Thunder and Flames: Americans in the Crucible of Combat, 1917-1918 is by Edward G. Lengel.  It is published by the University of Kansas Press.

Ed Lengel fascinates me as a historian because he has written a number of studies on George Washington, but also several books on World War I.  Usually, historians specialize in one area and when they venture off the beaten path, it is still on familiar ground.  Late last year, I read and reviewed Never in Finer Company: The Men of the Great War’s Lost Battalion.  This was during a time when I was reading World War I histories, poetry, and fiction to supplement my teaching on the war.

This book, Thunder and Flames, came out in 2015, several years before Never in Finer Company.  It is a more scholarly study of the role of Americans in the First World War.  As I have said previously, World War I is totally overshadowed by World War II.  The Americans entered late and a superficial textbook reading might lead the student to think that we were mainly just mopping up the remains of the already shattered German army.

The fact that we entered and “won” the war overlooks the many failures, challenges, and deficiencies that the Americans faced.  Nothing said here is meant to lessen the courage, learning curve, or achievements of the American soldiers.  World War I was an ugly event even for the United States as a late-comer.  But it is well worth the time spent studying it.

The book I am currently more than halfway through is The British Are Coming: The War for America, Lexington to Princeton, 1775-1777 by Rick Atkinson.  It is the first volume of the Revolution Trilogy by Atkinson.  Prior to this undertaking, Atkinson wrote the Liberation Trilogy on the North African and European Campaigns of the United States (primarily) in World War II.  It was that series that hooked me on his writing.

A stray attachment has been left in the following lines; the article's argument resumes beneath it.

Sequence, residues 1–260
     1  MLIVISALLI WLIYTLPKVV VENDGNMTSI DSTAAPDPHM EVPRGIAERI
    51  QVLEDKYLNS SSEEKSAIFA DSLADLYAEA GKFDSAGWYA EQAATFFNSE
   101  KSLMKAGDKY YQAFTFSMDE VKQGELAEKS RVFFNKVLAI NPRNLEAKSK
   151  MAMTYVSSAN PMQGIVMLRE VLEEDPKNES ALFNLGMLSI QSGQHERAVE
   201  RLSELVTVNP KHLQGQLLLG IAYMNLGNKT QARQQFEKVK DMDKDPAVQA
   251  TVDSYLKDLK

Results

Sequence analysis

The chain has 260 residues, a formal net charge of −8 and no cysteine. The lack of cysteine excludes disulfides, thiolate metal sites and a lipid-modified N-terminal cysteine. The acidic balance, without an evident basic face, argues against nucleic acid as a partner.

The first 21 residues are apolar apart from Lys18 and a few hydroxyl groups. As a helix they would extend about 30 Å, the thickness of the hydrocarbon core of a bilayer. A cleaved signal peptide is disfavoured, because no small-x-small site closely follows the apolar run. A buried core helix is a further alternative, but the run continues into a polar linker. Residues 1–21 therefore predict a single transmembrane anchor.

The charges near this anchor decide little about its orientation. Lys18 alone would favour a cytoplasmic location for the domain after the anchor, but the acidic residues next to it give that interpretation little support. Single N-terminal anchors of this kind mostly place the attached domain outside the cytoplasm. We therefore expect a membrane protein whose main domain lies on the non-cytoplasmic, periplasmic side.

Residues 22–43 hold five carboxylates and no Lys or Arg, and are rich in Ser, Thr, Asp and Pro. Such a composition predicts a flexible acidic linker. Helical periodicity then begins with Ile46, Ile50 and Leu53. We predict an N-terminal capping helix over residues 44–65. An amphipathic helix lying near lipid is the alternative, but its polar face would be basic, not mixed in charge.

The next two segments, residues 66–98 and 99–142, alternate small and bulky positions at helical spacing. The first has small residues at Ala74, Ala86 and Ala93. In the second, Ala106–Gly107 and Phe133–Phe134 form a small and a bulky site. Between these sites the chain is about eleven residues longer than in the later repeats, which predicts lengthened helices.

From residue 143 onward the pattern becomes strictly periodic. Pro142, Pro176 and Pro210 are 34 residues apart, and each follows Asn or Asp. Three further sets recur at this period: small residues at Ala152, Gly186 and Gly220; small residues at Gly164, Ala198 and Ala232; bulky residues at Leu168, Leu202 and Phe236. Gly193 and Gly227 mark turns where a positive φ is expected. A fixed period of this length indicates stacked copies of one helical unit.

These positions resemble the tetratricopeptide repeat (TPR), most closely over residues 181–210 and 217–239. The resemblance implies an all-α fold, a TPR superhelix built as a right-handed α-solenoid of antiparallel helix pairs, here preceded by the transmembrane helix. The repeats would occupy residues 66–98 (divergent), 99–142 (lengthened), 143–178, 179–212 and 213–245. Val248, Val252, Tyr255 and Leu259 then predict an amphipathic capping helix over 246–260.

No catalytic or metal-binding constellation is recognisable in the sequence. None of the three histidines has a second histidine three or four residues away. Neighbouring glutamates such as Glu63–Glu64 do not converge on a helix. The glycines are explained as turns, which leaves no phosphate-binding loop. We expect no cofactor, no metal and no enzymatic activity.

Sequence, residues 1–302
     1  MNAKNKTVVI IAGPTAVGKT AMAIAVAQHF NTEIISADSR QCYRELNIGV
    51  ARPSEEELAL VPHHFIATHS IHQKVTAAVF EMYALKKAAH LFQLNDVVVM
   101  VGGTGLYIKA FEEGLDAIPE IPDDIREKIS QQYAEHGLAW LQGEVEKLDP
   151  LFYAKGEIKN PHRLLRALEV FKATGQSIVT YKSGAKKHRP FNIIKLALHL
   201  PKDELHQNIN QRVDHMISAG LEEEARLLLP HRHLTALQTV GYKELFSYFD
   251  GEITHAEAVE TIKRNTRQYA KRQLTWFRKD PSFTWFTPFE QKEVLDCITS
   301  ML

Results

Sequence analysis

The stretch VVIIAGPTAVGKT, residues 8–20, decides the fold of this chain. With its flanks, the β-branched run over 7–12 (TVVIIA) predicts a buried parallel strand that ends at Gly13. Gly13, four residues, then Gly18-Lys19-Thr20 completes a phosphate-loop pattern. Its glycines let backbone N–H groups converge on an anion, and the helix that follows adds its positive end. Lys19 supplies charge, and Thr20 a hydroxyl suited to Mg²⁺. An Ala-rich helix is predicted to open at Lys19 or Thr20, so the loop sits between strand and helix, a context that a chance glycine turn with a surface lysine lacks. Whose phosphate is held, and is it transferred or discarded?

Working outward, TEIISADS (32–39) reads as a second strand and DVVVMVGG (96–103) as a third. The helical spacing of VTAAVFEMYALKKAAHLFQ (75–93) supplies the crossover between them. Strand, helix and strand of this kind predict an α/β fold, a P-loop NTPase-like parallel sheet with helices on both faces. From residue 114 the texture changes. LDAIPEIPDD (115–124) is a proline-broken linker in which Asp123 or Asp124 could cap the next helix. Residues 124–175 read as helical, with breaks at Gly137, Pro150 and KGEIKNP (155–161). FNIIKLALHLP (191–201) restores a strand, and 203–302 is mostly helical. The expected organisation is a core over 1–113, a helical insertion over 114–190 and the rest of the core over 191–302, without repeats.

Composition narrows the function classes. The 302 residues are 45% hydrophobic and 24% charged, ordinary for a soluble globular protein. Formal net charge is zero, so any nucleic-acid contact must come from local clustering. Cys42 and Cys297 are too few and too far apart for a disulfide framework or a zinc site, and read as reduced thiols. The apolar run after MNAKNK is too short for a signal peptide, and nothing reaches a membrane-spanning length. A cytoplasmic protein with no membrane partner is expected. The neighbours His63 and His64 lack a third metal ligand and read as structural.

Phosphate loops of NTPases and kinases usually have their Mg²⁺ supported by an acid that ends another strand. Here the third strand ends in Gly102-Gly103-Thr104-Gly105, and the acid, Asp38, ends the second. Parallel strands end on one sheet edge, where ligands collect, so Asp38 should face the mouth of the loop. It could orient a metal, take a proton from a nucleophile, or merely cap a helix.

So far, I am being constantly shamed in this book by realizing how little I know about the American War for Independence.  The narrative is top notch; the cast of historical characters would put Tolstoy to shame; and the flow of the book leaves me wondering if we (the United States) will win.  Among other things, I was astounded reading about how much salt was needed for the army and the colonies.  Supplies were as much a point of contention, struggle, and survival as was getting through battles.  Smallpox was as much of a foe as were the Redcoats.

This book is good enough to read from beginning to end and then start over.  I suspect this series will be just as good as the Liberation series.

Sand and Steel: The D-Day Invasion and the Liberation of France is by Peter Caddick-Adams and is published by Oxford University Press.

This is one of several books that has been published this year just prior to the June 6, 2019 75th anniversary of the D-Day landings.  My first study of this event in World War II was reading Brave Men by Ernie Pyle, a first hand account by a reporter who accompanied the soldiers.  It was first published in 1944, and I read it in high school in 1970.  Sometime later, I read Cornelius Ryan’s classic book The Longest Day.  Along with reading Ryan’s other books on World War II, I watched the movie version of The Longest Day several times.  Then I read Stephen Ambrose’s D-Day June 6, 1944 sometime after it came out.  I read quite a few other books that covered that event in some form or fashion as well.

I have yet to start this book.  It will have to wait until I finish the Atkinson book discussed above.  But it promises to be thorough.  It is pretty hard for me to find a book on World War II that I don’t like, so watch for updates on this book

Anthony Beevor’s D-Day The Battle for Normandy is one of many books that Beevor has written on World War II.  I have read several of his books and loved them and am trying to get and read all of his books.  I have yet to start this book.  My son Nick picked it up for me at the Thrifty Peanut in Shreveport, Louisiana.